Toncoin is all the rage right now. But if it goes any higher, it’s destined to butt heads with crypto’s meaty blue-chip barrier.

There are dozens or even hundreds of blue-chip stocks in traditional finance. Most would say crypto really only has two: bitcoin (BTC) and ether (ETH).

BTC and ETH make up nearly three-quarters of crypto’s entire market cap and it seems unlikely to change without a sudden ripper altcoin season.

Others might say that solana (SOL) and binance coin (BNB) are blue-chip cryptocurrencies. It makes sense on the surface: both power well-used blockchain networks and have ties to some of the more long-standing and well-capitalized crypto companies in Binance and Solana Labs.

For the sake of this column, let’s use a very basic definition: Blue-chip cryptocurrencies are those with $60 billion market cap or more in our current and previous cycles.

BNB and SOL are at about $90 billion and $80 billion, respectively, and the next most valuable cryptocurrency is XRP (not counting stablecoins and lido staked eth), which hasn’t cracked the $40 billion mark for over two years.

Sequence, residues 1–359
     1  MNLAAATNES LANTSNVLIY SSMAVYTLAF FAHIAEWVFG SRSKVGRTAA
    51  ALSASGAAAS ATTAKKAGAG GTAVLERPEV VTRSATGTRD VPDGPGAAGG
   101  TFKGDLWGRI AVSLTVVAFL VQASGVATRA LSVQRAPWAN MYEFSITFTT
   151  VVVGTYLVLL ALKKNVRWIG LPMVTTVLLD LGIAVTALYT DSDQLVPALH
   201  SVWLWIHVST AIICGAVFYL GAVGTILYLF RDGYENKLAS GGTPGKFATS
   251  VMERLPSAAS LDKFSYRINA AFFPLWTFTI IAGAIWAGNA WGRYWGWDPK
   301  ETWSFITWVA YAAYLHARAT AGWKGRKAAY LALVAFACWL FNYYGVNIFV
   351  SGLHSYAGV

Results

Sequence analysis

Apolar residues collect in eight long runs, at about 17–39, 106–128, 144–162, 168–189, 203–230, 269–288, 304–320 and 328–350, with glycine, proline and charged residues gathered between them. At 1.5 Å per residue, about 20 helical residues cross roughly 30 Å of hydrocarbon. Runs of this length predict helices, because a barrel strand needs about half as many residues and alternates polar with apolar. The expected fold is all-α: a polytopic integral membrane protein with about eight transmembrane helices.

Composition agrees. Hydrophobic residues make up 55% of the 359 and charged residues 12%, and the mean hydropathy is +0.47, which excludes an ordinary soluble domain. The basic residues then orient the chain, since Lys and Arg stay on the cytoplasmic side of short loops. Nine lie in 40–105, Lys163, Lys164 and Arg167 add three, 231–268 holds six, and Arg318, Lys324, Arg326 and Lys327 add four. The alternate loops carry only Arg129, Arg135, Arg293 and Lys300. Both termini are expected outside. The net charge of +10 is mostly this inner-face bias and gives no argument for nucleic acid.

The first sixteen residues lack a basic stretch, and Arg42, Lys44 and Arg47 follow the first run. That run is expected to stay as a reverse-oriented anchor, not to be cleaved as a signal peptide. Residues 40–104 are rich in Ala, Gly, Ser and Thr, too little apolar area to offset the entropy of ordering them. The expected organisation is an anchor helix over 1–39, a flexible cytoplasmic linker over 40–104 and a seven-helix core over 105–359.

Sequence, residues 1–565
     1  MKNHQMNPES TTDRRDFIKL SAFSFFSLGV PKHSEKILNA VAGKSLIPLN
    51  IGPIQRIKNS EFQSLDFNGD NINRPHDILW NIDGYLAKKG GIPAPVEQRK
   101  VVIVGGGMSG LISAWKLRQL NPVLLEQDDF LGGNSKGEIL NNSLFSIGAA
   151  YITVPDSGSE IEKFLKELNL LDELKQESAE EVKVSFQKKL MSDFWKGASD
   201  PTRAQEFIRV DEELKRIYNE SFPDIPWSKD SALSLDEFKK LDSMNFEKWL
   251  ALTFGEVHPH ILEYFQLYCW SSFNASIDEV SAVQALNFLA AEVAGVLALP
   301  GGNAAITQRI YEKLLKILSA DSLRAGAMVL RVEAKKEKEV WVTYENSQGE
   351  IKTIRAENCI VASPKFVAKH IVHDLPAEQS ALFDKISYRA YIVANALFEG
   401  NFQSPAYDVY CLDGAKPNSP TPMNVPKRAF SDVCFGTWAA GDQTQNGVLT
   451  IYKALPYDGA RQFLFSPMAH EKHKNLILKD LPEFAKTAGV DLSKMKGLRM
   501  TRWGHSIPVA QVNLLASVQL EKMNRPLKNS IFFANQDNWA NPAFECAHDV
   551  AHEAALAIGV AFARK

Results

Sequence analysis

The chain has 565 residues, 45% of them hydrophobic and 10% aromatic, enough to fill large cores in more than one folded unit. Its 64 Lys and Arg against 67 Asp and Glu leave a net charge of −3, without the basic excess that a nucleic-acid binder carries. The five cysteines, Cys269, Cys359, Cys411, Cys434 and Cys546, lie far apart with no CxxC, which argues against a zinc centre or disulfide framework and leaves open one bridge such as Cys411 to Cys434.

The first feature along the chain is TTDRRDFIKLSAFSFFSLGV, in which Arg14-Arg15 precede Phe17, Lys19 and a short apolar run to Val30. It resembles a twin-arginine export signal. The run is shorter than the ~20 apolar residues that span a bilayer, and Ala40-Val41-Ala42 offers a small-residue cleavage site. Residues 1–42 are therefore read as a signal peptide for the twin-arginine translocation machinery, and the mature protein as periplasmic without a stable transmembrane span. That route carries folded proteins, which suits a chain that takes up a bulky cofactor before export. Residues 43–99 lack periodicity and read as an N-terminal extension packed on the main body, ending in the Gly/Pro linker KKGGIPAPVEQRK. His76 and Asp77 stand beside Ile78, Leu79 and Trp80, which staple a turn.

ADA, XRP and DOGE were valued much closer to BNB during the previous cycle

Cardano (ADA), dogecoin (DOGE), binance coin (BNB) and XRP briefly crossed over into blue-chip territory last cycle. Shiba Inu (SHIB) and polkadot (DOT) had potential but bounced off the edges of the blue-chip buffer — a moat between top assets and the masses — starting at $40 billion.

This time around, the blue-chip buffer is turning out to be a no man’s land for market caps. Only XRP has made it close over the past year, but toncoin (TON), recently at record highs, seems ready to take a shot.

The Telegram-adjacent network is seeing a bunch of activity: trading bots, shared ad revenue with content creators, the push-button-receive-crypto "game" Notcoin and cute tokenomics stunts have all contributed to a healthy growth narrative around Toncoin. 

Whether it can break through the market’s psychological wall is another story.

— David Canellis